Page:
Coping With Child Hunger in Canada: Have Household Strategies Changed Over a Decade?

Lynn McIntyre, Aaron C. Bartoo, Jody Pow, Melissa L. Potestio


OBJECTIVE: To determine if household coping strategies for child hunger in Canada have changed over a decade (1996-2007).

METHODS: We applied t-tests to data derived from Cycle 2 (1996-1997; n=8165) and Cycle 7 (2006-2007; n=15,961) of the National Longitudinal Survey of Children and Youth (NLSCY) to determine changes in household coping strategies for child hunger. Data were restricted to households with children aged 2-9 years, allowing for cross-sectional analysis of two independent samples. Logistic regression was employed to estimate the odds of reporting child hunger for socio-demographic characteristics and the odds of using different coping strategies.

RESULTS: The national prevalence of child hunger fell from 1.5% in 1997 to 0.7% in 2007 (p<0.001). The determinants of child hunger (increased child age and household size, lack of home ownership, low household income, lone-parent status, family dysfunction) and hunger frequency (regular versus occasional) were similar in both NLSCY cycles. Utilization of food banks and other community resources as a method of coping with child hunger remained static despite an increase in national food banks/affiliated agencies in Canada (2,141 in 1998 to 3,540 in 2007). In contrast, there was an increased reliance on reducing household food variety, an internal coping mechanism, to manage child hunger (17.6% Cycle 2 to 35.1% Cycle 7; p=0.03).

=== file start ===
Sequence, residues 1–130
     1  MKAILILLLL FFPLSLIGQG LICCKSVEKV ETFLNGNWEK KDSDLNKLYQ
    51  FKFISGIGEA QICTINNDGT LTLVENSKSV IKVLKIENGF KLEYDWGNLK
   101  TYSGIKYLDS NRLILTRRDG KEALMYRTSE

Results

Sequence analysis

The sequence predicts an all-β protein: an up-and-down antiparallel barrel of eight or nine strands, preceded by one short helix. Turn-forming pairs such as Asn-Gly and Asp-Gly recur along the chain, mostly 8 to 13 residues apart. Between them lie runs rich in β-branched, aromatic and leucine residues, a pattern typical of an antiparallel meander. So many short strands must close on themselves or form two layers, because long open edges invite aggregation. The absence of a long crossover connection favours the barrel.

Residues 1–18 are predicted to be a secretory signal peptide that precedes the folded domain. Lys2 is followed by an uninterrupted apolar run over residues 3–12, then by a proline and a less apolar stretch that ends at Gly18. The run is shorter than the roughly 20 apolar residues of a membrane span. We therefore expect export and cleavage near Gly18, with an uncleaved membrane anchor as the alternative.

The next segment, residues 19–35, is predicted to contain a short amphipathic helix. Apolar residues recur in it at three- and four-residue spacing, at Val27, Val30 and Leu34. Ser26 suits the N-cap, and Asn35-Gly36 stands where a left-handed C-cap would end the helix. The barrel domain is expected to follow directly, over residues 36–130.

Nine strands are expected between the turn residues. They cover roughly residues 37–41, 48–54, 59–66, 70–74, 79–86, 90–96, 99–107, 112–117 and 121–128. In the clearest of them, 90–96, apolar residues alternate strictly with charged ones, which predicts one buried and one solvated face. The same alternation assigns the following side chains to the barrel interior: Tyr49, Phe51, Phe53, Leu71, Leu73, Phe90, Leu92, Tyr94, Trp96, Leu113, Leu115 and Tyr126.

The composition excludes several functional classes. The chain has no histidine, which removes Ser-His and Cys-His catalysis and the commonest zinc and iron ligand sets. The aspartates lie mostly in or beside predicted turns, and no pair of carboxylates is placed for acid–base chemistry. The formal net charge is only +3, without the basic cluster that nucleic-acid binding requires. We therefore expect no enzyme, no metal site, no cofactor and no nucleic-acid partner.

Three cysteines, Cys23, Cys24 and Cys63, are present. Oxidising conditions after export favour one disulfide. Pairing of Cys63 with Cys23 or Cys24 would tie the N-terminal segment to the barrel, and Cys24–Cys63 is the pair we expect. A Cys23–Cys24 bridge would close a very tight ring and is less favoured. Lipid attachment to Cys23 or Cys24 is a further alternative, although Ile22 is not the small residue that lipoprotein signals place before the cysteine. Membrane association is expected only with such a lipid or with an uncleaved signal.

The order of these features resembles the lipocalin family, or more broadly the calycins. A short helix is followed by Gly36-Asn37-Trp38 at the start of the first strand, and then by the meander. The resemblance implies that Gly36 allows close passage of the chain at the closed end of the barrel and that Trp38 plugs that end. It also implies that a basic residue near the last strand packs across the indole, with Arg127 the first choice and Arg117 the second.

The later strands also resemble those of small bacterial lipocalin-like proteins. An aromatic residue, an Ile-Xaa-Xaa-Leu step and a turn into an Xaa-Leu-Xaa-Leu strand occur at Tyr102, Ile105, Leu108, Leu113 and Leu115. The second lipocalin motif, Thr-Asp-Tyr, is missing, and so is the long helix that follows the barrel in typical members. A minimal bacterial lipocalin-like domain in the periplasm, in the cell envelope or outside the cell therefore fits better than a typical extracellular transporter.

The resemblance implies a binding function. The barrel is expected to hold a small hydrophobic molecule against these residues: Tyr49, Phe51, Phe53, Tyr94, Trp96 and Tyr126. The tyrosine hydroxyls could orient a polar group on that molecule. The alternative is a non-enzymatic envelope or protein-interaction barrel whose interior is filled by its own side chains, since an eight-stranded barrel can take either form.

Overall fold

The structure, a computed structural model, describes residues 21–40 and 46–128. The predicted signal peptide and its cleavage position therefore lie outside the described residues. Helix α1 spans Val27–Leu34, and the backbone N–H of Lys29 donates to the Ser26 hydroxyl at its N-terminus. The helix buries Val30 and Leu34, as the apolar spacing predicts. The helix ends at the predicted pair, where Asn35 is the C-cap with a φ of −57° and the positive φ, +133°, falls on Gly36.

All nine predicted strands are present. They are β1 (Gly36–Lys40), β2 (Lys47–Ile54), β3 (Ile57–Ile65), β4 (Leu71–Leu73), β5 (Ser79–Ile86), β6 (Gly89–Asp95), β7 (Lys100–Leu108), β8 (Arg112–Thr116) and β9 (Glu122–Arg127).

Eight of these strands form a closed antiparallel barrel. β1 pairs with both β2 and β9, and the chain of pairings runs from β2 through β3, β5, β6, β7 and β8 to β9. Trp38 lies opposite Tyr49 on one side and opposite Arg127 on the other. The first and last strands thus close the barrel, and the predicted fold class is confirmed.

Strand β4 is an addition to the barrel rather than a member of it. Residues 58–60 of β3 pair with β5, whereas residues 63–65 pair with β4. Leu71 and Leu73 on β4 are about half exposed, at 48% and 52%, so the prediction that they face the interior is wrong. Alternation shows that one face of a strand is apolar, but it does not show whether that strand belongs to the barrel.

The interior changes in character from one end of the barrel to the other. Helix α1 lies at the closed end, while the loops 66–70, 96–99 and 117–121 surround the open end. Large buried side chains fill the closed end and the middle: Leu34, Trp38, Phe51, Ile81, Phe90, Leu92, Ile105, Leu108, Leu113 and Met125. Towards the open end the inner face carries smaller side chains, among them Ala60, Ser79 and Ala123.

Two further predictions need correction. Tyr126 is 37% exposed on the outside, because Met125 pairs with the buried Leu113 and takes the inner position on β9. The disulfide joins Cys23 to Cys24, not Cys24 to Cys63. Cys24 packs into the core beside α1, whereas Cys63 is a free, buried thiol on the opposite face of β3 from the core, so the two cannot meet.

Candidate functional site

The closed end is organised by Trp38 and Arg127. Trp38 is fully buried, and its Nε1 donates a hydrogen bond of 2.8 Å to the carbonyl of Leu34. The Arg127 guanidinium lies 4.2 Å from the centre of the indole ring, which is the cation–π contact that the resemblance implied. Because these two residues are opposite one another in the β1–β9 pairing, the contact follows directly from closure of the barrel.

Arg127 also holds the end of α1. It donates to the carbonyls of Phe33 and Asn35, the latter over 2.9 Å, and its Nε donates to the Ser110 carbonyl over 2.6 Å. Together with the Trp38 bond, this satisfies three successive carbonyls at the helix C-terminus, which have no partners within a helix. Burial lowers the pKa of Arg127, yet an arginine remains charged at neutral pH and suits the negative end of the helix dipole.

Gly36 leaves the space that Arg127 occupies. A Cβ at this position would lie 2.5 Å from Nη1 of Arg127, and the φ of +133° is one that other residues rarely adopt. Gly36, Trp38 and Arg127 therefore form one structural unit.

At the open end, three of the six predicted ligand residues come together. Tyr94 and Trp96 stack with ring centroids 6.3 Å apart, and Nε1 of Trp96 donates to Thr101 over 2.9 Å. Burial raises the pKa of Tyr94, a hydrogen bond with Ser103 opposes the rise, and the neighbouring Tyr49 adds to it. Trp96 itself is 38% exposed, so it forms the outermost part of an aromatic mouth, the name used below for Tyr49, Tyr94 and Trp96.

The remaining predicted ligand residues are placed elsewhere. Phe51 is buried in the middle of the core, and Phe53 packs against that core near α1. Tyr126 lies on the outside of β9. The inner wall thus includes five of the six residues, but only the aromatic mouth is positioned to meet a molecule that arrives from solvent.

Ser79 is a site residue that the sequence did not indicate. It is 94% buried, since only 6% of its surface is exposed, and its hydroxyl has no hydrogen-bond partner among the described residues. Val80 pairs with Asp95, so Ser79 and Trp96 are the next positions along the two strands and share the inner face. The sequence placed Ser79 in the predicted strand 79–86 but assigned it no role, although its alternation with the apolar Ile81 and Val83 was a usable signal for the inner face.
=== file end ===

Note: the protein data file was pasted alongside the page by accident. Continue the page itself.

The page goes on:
CONCLUSION: Community outreach programs between 1997 and 2007 had little impact on coping strategies utilized by households facing child hunger. Our results indicate that current initiatives fail to reach these families.


children; hunger; food insecurity; coping; poverty; Canada

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